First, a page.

Reconstruction (1865–1877), which took place after the Civil War, was a long and difficult period in US history. The North and the South had just fought each other in the the country's bloodiest war, and there was a great deal of bitterness and vituperation. Slavery was finished, but the newly-freed...
Reconstruction (1865–1877), which took place after the Civil War, was a long and difficult period in US history. The North and the South had just fought each other in the the country's bloodiest war, and there was a great deal of bitterness and vituperation. Slavery was finished, but the newly-freed blacks faced daunting challenges. Would they be able to own land, support themselves, and vote? The defeated South expected servile obedience from its former slaves. There were ardent defenders of emancipated blacks in the North: the Radical Republicans. How should the leaders of the South be treated? Should they be executed for treason or welcomed back as citizens with all their rights? There were no easy answers to these questions.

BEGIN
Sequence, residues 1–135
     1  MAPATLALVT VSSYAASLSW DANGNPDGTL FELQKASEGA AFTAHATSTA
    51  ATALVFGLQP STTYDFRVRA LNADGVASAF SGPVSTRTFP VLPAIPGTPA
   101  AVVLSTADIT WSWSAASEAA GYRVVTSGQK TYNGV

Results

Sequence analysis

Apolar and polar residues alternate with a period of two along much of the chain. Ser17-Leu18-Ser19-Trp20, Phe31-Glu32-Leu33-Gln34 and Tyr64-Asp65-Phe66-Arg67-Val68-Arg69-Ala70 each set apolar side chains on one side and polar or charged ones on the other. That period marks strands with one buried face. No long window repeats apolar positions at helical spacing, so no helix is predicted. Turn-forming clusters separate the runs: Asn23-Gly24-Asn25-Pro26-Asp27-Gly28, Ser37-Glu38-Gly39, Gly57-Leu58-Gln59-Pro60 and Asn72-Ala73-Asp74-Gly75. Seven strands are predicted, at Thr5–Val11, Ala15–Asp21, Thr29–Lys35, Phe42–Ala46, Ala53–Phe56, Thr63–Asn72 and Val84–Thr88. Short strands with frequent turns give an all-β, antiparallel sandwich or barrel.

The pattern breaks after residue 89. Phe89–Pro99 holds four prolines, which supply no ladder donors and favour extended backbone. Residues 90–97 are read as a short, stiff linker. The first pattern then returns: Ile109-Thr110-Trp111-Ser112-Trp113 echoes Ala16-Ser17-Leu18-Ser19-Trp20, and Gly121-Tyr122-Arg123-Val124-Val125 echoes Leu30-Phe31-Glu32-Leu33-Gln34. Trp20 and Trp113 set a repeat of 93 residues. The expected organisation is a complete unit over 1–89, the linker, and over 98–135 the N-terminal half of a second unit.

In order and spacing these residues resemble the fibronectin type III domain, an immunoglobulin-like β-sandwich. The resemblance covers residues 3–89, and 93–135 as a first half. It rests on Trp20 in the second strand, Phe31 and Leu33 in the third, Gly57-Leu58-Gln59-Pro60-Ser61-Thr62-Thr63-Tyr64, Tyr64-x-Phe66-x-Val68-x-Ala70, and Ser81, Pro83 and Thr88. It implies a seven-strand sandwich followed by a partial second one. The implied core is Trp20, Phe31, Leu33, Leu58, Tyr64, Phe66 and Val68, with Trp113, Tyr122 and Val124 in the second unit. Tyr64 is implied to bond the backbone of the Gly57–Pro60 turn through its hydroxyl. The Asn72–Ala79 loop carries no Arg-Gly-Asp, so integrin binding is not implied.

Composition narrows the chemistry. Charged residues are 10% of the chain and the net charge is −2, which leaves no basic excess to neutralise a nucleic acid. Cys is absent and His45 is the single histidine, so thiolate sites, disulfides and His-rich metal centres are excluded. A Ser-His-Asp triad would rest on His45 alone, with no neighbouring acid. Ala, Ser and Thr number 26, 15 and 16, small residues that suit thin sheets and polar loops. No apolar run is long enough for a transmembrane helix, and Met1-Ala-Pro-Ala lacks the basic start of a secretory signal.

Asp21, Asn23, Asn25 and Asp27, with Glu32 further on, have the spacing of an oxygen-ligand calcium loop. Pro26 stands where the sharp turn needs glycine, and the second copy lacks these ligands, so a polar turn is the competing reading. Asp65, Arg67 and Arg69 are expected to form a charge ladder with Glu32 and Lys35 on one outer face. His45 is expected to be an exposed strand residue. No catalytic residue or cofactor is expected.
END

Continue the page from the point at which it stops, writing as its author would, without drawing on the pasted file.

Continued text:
The first phase of Reconstruction, from 1865 to 1877, was led by the presidents. Abraham Lincoln had capably led the North through the war, and he hoped to meld it back together. But his assassination ended his dream of national reconciliation. Vice President Andrew Johnson replaced him. Johnson was very lenient in his treatment of the South, so Radical Republicans challenged his leadership.
The fight between Johnson and the Radical Republicans led to the impeachment of the president in 1868. Johnson survived the impeachment vote in the Senate, but the presidency had lost the battle over Reconstruction. The Senate controlled the second phase of Reconstruction. Congressional Reconstruction Acts created military governors for the defeated South. The Fourteenth and Fifteenth Amendments were passed to safeguards blacks' rights as citizens and voters.
A third "phase" of Reconstruction occurred in the 1870s. By that time, the nation had grown weary of the problems brought about by Reconstruction. The two leading Radical Republicans died by 1875. There was a corrupt bargain made to resolve the disputed presidential election of 1876, and the last troops from the North left the South.